By Steve Hansen
Former QCS Managing Editor
A time that many have feared since the advent of room-size computers that could do a tenth of what a modern calculator can do may be uncomfortably close, according to a growing number of economists.
Economists are saying that robots and computers are starting to take more jobs than they create, leaving significant amounts of “excessive labor,” that is, out-of-work people, in their wake.
It’s unfortunate but necessary that businesses look for ways to cut costs to maximize their profits, and equally unfortunate that labor is generally where the costs are greatest. So that’s where they look first.
Even some jobs that used to require highly trained people are becoming computerized. Computers can, for example, examine chest x-rays more quickly and accurately than some x-ray technicians.
Many say automation is a key factor in why real wages have actually been declining on average over the past couple of decades.
The Wall Street Journal, the official publication of the profit-maximizers, has a couple of blogs that say, “Other people will hire the ones you let go, so it’s OK if you replace everybody with a robot.”
I have two questions for them:
1. Who’s going to hire the excess people really? The competition is getting rid of them just as fast as you are.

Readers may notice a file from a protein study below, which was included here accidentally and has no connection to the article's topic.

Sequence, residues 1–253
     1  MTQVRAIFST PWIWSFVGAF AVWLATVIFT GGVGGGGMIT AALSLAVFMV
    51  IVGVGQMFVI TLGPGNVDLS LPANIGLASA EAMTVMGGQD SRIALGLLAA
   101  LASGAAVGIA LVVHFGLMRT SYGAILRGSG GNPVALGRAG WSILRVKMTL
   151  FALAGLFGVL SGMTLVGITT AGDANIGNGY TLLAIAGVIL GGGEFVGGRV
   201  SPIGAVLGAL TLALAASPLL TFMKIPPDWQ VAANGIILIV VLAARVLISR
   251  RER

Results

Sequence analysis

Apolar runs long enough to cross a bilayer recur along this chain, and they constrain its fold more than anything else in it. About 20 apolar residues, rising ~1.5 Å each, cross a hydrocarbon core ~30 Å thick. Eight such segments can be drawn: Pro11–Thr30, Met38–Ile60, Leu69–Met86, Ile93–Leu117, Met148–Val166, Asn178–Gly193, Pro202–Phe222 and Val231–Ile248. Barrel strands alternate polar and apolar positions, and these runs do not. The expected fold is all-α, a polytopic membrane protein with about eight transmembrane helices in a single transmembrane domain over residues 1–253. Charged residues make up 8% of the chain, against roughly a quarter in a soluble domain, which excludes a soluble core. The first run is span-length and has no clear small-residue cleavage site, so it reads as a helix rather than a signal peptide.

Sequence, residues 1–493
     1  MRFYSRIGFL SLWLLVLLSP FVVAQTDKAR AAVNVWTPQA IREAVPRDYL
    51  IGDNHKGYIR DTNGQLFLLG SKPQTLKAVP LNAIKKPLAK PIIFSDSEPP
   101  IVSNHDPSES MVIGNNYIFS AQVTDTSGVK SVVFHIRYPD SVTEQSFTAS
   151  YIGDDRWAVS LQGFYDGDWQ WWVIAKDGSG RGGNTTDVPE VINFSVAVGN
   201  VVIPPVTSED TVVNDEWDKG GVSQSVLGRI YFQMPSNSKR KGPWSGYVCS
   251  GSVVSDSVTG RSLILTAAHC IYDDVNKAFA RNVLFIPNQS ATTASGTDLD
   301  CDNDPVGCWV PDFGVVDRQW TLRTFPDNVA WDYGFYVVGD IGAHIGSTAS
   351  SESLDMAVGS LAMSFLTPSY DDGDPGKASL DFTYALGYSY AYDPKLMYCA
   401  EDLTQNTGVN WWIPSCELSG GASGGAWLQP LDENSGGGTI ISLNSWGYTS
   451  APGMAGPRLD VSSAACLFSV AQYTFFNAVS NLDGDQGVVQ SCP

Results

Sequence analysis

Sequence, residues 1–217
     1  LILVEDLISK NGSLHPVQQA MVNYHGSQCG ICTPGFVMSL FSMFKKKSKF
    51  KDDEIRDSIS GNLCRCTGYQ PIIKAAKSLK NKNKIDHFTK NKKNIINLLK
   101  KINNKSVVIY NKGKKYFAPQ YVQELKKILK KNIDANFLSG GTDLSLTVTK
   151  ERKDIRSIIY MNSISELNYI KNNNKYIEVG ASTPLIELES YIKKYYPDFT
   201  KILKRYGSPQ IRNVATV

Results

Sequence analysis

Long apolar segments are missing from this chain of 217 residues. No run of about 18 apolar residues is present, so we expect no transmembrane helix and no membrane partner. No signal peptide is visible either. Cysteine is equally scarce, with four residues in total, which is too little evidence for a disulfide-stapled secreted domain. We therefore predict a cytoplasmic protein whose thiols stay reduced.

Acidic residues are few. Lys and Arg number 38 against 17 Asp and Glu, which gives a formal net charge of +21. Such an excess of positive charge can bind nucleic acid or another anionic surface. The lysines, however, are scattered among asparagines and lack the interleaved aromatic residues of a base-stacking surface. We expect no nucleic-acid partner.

2. If you put most people out of work, who’s going to buy your stuff?
One key study by economists Benedikt Frey and Michael Osborne has estimated that 47 percent of total U.S. jobs could be automated and taken over by computers by 2033.
It’s ironic that the profit-maximizers are now begging for more people who can design the machines that put people out of work. Generations subsequent to the baby boom have been lax about reproducing, probably because they can’t afford large families, leaving holes in the labor supply.
Some economists say the most promising job growth areas are at the very top of professional fields and in some skill areas that machines will be slow to duplicate (especially if programmers are in short supply).
My only advice to present and future workers is to consume all the education you can hold, and stay alert on where and how to update your skills.
Steve Hansen writes about our life and times from his perspective of a retired Tucumcari journalist. Contact him at: